NSW Labor leader Michael Daley plans to increase stamp duty to the highest rate in the nation – to 7 per cent on vehicles priced above $100,000.
This would be in addition to the 33 per cent Luxury Car Tax and 10 per cent GST already levied on cars in this price range.
Mr Daley says he wants the “wealthiest in society” and “the big end of town” to pay for more nurses as part of his $240 million plan to legislate minimum nurse-to-patient ratios.
The proposal – which would be implemented if Mr Daley wins the upcoming NSW election – also includes an increase in stamp duty on yachts worth more than $200,000.
Mr Daley told Fairfax media: “These modest increases will pay for the ratios, these modest increases will transform our hospitals, this modest contribution from some of the wealthiest in our society will help everyone. This is fair. I am being completely upfront on how Labor will pay for our promises.”
However, there is no guarantee the proposal would raise enough revenue to deliver extra nurses because the new-car market is already suffering a downturn and luxury car sales have been in free-fall for 12 months.
Some industry analysts believe the policy could lead to job losses at dealerships if the sales slowdown continues.
Australian Automotive Dealer Association CEO David Blackhall said: “It’s a tax on a tax on a tax. It’s a triple tax, since stamp duty compounds on both GST and the Federal luxury car tax. It’s a bad tax, a poor policy choice and completely inappropriate given the worrying signs emerging in the NSW economy.”
Mr Blackhall said the car market was already weak and higher taxes would only hurt it more.
“New car sales declined by six percent in NSW in 2018, over three times more than any other state in Australia. The industry is struggling due to drought and a tightening credit market and does not need another tax hit. It’s very disappointing that the NSW Labor Party is targeting an industry that employs more than 22,500 people throughout the state, including many in rural and regional electorates, and contributes more than $700 million to the state’s coffers,” said Mr Blackhall.
He added that motorists already make "a strong contribution towards a healthy state surplus by paying rego and duties, while also shelling out GST, tolls and fuel taxes. At some stage you have to say enough is enough”.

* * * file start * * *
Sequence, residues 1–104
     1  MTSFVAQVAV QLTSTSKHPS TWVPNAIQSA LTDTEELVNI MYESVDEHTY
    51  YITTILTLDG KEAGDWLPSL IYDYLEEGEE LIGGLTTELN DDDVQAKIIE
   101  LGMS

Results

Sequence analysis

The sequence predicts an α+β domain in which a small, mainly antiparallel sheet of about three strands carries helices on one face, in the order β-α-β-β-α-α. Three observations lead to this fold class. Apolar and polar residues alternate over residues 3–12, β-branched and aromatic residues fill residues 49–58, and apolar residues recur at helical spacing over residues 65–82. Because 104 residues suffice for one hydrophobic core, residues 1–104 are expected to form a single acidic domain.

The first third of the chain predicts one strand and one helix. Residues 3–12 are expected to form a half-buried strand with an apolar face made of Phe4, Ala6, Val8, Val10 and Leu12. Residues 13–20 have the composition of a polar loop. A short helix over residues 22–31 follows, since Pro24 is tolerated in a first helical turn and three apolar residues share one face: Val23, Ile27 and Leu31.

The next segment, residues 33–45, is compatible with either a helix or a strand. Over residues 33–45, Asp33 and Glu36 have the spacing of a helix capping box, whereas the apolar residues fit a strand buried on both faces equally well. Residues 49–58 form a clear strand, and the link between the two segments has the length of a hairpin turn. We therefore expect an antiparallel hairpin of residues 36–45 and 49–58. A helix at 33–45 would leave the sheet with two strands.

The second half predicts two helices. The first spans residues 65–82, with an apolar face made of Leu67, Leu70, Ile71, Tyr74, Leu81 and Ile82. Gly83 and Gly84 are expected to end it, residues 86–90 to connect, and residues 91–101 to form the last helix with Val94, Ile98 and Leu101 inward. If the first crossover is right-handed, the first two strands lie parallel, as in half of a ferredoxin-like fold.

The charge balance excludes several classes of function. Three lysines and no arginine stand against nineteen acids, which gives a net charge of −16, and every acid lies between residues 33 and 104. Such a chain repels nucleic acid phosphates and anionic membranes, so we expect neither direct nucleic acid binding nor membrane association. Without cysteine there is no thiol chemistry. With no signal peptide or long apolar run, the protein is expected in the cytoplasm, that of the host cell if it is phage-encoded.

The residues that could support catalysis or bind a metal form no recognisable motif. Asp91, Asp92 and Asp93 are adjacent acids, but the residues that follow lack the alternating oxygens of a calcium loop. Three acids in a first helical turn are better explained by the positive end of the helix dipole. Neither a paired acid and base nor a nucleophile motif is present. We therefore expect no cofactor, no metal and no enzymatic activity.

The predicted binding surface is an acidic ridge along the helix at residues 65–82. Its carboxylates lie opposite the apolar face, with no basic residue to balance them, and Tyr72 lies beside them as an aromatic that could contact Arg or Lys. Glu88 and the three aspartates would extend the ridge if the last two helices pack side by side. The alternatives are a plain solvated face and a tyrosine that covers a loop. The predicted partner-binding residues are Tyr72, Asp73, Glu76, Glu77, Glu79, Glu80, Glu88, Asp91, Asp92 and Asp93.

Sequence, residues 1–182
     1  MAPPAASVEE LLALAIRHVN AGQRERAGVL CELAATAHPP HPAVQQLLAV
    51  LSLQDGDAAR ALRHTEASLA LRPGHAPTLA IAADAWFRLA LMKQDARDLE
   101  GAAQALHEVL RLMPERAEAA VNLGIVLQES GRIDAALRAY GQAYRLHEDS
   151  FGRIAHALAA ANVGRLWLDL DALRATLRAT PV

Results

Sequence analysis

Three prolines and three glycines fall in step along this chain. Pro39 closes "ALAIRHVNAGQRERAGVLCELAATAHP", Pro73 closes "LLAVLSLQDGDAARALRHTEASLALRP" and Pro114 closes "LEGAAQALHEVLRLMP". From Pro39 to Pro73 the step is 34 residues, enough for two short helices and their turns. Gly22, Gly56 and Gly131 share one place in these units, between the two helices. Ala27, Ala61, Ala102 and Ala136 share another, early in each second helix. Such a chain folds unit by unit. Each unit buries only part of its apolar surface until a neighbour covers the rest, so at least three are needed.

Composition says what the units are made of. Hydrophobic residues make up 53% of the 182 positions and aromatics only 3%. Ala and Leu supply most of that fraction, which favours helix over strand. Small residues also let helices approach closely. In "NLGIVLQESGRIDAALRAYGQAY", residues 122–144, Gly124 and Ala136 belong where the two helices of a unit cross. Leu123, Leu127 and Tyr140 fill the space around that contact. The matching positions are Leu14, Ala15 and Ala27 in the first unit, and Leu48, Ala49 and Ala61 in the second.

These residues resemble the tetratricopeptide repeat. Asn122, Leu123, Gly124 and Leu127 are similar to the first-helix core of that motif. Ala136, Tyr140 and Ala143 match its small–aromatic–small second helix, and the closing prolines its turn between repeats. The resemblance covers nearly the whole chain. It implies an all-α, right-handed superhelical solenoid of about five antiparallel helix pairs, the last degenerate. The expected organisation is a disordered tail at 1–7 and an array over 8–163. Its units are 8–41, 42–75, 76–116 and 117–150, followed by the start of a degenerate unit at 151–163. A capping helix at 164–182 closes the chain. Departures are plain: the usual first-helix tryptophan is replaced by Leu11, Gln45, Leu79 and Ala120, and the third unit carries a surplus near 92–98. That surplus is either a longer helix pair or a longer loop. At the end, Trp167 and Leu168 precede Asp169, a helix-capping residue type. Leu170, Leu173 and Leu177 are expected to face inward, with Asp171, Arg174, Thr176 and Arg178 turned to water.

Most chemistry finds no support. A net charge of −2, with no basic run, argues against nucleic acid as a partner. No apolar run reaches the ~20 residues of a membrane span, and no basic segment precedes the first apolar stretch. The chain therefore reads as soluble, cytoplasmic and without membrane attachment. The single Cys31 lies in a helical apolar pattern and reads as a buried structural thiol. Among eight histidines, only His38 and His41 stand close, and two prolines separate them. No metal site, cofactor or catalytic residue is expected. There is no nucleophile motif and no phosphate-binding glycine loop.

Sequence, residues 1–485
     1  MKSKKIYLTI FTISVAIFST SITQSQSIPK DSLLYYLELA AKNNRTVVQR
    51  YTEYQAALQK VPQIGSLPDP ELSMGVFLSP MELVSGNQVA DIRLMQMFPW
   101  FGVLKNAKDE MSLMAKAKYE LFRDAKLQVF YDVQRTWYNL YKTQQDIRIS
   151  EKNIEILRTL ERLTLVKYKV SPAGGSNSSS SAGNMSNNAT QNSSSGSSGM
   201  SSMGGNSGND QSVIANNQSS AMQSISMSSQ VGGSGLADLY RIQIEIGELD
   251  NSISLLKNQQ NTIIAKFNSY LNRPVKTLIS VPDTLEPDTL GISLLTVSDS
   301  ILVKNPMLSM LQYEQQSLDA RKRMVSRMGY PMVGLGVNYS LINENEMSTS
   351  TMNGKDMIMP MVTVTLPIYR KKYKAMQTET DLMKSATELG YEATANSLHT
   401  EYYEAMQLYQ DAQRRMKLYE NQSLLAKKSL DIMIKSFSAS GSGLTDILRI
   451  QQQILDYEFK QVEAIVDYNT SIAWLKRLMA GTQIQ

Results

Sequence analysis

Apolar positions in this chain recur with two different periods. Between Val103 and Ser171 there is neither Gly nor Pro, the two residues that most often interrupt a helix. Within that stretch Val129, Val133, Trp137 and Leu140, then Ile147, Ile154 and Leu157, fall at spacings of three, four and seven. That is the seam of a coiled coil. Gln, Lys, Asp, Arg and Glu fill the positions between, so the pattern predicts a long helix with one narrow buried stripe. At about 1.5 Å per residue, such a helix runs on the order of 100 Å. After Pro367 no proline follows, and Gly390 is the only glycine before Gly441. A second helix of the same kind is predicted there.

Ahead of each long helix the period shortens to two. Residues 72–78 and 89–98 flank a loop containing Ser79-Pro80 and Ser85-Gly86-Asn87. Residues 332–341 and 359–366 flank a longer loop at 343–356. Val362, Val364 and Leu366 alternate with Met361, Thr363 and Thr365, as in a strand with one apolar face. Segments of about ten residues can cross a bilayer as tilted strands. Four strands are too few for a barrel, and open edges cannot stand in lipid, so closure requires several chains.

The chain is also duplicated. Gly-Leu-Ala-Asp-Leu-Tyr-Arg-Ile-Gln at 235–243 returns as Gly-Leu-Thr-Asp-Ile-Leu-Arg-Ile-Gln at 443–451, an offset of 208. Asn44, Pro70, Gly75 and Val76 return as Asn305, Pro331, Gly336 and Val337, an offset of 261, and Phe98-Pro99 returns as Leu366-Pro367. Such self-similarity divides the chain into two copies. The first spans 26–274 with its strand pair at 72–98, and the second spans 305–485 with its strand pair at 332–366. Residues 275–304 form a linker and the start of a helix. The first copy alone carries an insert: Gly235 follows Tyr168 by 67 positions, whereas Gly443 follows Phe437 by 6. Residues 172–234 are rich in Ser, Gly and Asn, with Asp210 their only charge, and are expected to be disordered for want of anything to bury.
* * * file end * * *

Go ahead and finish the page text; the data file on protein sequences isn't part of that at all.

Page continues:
A statement from the National Roads and Motorists’ Association said: “The NRMA would love to see more nurses, as would everyone. However, our members currently pay the fuel excise, then GST on the fuel excise, vehicle registration, CTP, the parking levy and tolls. Amongst all of that, we would have hoped the policy could have been able to find extra money for nurses without (extra) taxes.”
The proposed increase would give NSW the highest rate of stamp duty nationally, ahead of West Australia and Queensland, currently the two highest in the country.
The peak rate of stamp duty in Queensland is 6 per cent above $100,000 on certain models and West Australia applies 6.5 per cent stamp duty on every dollar above $50,000.
In NSW the stamp duty on the sale of cars is currently 3 per cent on vehicles priced less than $45,000 and 5 per cent on every dollar above that.
The opposition’s proposal would increase stamp duty to 7 per cent on every dollar above $100,000.
In NSW currently a $150,000 car attracts $6600 in stamp duty. Under the opposition’s proposal, a $150,000 car would attract $7600 in stamp duty versus up to $7000 in Queensland and $8125 in West Australia.
In NSW currently a $200,000 car attracts $9100 in stamp duty. Under the opposition’s proposal, a $200,000 car would attract $11,100 in stamp duty versus up to $10,000 in Queensland and $11,375 in West Australia.
In July 2018 Queensland overhauled its stamp duty and distinguished engine types and price points.
In Queensland, four-cylinder cars attract 3 per cent stamp duty priced up to $100,000 and 5 per cent for every dollar above $100,000. Six-cylinder cars attract 3.5 per cent stamp duty up to $100,000 and 5.5 per cent for every dollar above $100,000. And V8s, V10s and V12s attract 4 per cent stamp duty up to $100,000 and 6 per cent for every dollar above $100,000.
In West Australia cars attract 2.75 per cent stamp duty up to $25,000, 3.75 per cent from $25,000 to $50,000, and 6.5 per cent on every dollar above $50,000.
This reporter is on Twitter: @JoshuaDowling